“What a fool I would have been to let self-respect interfere with my happiness!”
19. Look at people in their left eye
When speaking to others, look into their left eye. Since most mothers are right-handed, they hold their children in a way that causes the baby to gaze at its mother from its left eye. The amygdala builds a positive emotional association with attention given to the left eye. So, making eye contact in this way can foster a deeper, more trusting connection with someone.
20. Lightly script one-on-one conversations
Either out of laziness or a fear of coming off as robotic, we tend to under-prepare for one-on-one meetings. However, these meetings allow deep and meaningful conversation, so showing up without a plan disrespects the other person. Instead, list topics you want to cover, write a few sentences to convey an idea, or craft some questions, and you’ll consistently have more productive and enjoyable conversations. I keep a running document for each person I regularly meet with.
21. Avoid clichéd thoughts
Writers grumble about cliches like “boil the ocean” and “open a can of worms” because they signify lazy thinking. I gravitate toward cliches in speech and writing when I have nothing to offer, so I’m better off not saying anything. But when I have a thought to share, I pause to consider the most straightforward way to say it, which often emits a novel expression.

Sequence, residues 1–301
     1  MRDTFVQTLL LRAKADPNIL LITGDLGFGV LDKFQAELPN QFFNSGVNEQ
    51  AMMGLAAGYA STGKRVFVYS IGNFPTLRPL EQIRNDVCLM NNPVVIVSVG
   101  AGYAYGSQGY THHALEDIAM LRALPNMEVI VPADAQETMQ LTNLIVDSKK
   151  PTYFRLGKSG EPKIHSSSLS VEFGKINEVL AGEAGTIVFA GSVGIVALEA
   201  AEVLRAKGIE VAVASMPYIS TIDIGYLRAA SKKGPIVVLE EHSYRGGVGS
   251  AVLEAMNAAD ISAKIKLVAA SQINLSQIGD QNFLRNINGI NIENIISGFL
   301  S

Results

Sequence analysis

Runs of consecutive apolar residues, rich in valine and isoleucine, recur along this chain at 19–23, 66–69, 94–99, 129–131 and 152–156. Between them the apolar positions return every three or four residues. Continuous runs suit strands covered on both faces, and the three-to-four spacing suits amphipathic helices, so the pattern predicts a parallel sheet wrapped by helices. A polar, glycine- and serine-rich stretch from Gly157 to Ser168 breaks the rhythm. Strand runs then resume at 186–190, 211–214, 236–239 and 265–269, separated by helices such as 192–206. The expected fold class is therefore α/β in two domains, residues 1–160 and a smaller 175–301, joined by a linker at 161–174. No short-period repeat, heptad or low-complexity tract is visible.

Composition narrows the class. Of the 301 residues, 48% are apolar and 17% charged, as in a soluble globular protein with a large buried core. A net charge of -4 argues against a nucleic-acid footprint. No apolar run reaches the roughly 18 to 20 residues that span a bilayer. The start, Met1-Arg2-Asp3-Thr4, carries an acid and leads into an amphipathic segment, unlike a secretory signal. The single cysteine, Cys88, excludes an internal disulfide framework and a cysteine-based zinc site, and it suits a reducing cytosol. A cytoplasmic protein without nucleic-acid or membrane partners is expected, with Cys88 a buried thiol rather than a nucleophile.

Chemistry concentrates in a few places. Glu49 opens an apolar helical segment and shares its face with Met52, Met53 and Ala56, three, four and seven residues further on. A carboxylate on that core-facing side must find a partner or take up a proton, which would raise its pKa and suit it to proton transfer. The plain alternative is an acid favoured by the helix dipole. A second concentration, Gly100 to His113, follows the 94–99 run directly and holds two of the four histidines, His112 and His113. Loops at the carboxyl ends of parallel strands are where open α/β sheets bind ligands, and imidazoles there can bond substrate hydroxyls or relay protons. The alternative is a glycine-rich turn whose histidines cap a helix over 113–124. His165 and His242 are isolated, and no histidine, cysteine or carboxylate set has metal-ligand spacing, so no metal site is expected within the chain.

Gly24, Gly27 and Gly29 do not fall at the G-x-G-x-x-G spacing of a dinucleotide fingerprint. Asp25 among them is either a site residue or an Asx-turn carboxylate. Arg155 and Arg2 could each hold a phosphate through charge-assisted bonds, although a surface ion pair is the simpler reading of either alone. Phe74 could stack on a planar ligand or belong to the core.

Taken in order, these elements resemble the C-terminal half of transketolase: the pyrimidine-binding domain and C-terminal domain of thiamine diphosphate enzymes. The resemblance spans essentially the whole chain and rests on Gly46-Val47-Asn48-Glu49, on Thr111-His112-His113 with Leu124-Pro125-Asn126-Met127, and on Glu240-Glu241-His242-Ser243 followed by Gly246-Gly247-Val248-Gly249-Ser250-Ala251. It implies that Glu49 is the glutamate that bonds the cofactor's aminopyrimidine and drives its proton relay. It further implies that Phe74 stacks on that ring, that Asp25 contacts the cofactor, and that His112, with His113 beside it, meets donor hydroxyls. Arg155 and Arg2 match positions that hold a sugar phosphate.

22. Write the first draft longhand
I overcame writer’s block this fall by abandoning my former approach to fiction writing: meticulous planning. Instead, I picked up a paper notebook and handwrote a story’s first draft without resorting to an outline. Writing longhand reinvigorated my joy as I could experience the story's novelty, curiosity fueling my pen.
23. Write many, many drafts to find the essence
I read several books by George Saunders this year, but the best was A Swim in a Pond in the Rain—a close reading of seven Russian short stories. One metaphor that stuck with me was this: Imagine you’re gifted an apartment and a decoration budget. If you decorated it all in one week, the apartment would be some percentage you. But if you decorated it week over week for a year, it would be a significantly higher percentage more you. One or two drafts can convey a point, but several, dozens, or even hundreds of drafts will bring it increasingly closer to its essential form.
Write each draft without fear; you will revise it later.
The Next Chapter
This is my last article for the foreseeable future. Thanks to the 1200 of you who have subscribed to read my articles over the previous three years, we've had a good journey. Turtle’s Pace isn’t going anywhere—you’re always welcome to read the archives—but the turtle is going dormant so I can focus my creative energy elsewhere in 2024.
Without further ado, I’m excited to launch Product Field Guide—a newsletter on how to be an effective product manager! If you work in technology or have an interest in product thinking, you should subscribe 😃
Thanks again for reading Turtle’s Pace, and I wish you a Happy New Year!